I do admire people with strict moral reasons for being vegetarian, but at the same time, I don't get it. What's the problem in raising an animal, giving it a happy contented life, and then killing and eating it when the time comes? That's what's happened to animals since time began. If we don't eat them, they'll be eaten as part of the natural food chain. It's not like cows are saying, damn it, another five years and I'd have mastered needlepoint. I'm sorry, I mustn't be flippant or I'll upset people. All I think is that we should undoubtedly be kind to animals, and treat them well, but that they do not have self-reflexive consciousnesses that think about life and death the way we do.

Amanda said...

I'm a vegetarian- but I'm not a vegan and I will wear leather shoes & I don't scrutinise the labels of everything I eat because that would be the place where I'd draw the line of it becoming too hard. I don't claim to be morally consistent & I don't judge people who draw the line elsewhere. But for me personally- I don't have to eat meat so I choose not to.

Rebecca H. said...

I think you've got the best solution -- to be aware of where your meat comes from and to avoid eating meat from animals raised and killed in cruel ways. Do I follow my own principle here? No. Should I? Definitely.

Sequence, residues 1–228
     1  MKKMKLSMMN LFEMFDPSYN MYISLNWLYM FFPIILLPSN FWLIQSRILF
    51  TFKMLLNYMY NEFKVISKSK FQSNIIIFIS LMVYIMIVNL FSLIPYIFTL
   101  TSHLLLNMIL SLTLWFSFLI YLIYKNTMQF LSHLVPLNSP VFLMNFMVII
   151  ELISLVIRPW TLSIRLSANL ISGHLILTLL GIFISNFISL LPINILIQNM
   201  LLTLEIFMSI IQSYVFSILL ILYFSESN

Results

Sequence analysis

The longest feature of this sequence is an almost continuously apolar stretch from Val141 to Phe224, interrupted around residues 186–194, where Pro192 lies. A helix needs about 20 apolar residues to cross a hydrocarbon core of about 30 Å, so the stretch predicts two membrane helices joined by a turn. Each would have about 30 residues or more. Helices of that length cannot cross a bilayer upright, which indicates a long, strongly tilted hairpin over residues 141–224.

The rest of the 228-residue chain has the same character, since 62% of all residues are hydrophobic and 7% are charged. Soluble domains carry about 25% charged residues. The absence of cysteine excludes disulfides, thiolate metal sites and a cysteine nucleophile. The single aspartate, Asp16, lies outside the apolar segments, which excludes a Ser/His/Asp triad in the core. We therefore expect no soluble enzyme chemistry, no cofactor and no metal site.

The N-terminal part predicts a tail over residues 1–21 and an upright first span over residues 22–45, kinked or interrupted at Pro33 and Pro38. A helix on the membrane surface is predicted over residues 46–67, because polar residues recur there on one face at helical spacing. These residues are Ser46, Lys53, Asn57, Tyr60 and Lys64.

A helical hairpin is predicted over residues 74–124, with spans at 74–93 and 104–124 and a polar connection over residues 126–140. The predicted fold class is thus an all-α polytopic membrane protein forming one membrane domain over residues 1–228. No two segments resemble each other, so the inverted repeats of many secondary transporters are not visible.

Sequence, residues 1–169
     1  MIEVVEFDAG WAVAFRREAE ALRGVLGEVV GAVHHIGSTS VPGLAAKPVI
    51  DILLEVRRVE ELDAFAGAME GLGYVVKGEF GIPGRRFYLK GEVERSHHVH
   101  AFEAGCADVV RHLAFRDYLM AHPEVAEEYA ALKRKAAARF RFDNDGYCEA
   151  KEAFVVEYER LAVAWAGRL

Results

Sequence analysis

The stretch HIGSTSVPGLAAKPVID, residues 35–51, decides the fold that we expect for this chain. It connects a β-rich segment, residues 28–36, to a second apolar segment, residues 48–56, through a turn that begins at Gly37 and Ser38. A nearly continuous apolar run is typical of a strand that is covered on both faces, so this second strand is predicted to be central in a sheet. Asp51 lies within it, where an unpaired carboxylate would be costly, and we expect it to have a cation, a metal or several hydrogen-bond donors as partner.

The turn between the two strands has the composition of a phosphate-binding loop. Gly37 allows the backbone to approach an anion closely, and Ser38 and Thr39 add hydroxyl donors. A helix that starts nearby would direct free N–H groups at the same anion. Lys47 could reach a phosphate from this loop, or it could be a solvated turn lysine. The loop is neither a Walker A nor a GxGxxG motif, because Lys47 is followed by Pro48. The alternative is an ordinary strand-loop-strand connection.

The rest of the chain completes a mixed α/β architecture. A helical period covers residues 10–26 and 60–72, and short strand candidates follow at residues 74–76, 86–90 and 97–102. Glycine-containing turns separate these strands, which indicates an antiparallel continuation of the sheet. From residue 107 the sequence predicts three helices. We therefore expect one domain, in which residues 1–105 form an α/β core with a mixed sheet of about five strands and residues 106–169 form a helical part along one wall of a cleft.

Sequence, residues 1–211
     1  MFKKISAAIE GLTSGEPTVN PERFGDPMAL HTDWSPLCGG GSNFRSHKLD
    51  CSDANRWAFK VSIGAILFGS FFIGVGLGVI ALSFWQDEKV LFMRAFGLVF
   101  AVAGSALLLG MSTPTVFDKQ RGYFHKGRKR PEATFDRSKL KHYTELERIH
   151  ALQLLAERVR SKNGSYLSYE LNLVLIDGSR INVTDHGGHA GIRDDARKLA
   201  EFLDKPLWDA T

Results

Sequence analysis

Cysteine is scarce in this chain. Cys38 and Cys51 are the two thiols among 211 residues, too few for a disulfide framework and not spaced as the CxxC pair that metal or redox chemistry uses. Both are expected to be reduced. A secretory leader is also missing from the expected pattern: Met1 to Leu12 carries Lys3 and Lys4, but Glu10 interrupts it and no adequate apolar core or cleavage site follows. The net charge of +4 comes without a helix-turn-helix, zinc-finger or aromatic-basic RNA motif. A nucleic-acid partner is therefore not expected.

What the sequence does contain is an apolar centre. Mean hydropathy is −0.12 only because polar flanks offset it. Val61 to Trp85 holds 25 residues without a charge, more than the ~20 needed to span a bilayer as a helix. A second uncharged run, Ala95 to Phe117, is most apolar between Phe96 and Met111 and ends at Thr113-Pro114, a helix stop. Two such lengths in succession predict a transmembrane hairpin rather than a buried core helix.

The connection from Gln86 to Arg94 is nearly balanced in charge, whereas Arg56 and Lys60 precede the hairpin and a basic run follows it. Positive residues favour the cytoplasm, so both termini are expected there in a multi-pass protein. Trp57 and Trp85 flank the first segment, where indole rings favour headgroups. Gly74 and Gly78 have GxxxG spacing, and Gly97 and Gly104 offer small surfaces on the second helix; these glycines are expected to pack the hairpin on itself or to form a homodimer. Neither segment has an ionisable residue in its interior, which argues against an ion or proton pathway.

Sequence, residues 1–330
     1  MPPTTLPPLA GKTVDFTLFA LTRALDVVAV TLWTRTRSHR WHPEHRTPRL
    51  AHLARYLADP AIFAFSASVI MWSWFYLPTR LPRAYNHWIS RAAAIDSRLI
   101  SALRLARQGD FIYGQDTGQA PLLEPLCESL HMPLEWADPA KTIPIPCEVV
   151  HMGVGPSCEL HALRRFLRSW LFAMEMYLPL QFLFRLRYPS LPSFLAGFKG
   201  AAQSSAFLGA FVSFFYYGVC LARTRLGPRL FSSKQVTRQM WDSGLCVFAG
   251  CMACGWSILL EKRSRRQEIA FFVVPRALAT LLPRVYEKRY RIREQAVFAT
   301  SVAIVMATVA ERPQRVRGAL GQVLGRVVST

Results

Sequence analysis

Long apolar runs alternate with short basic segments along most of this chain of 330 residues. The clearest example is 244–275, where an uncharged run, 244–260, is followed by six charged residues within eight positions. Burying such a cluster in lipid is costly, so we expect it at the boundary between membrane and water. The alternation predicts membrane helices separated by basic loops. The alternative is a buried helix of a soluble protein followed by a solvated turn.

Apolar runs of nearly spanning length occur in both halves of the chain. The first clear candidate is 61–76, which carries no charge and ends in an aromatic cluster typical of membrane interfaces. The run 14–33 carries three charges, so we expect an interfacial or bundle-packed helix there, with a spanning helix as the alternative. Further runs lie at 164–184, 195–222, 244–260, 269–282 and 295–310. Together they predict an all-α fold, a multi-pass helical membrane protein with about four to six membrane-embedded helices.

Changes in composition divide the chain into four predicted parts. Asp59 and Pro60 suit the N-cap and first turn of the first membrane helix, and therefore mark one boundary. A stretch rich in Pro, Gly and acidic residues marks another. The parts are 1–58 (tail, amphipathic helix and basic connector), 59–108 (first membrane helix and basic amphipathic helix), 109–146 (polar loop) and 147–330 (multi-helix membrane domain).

Emily Barton said...

Yet again, I find I'm in great company.

Mandarine, and I have vegan friends who swear IKEA is the greatest place to shop. I love the idea of a Christmas cow. Let's start a trend.

Hobs, "fetishism of life," yes, that's it! Exactly the phrase I've been trying to come up with for years. Thank you.

Cam, my resident recent seminary grad has always argued your point over "dominion" and what it means.

Litlove, as so often happens, you made me laugh. Mind if I use your needlepoint line with others when necessary?

Ms. Tea, you have my everlasting admiration.

Dorr, don't feel bad. I mean, one can't enjoy the bliss of The Sycamore Diner while worrying about where that hamburger came from, but being more aware most of the time is probably a good thing.

litlove said...

Emily - just to say, consider it yours.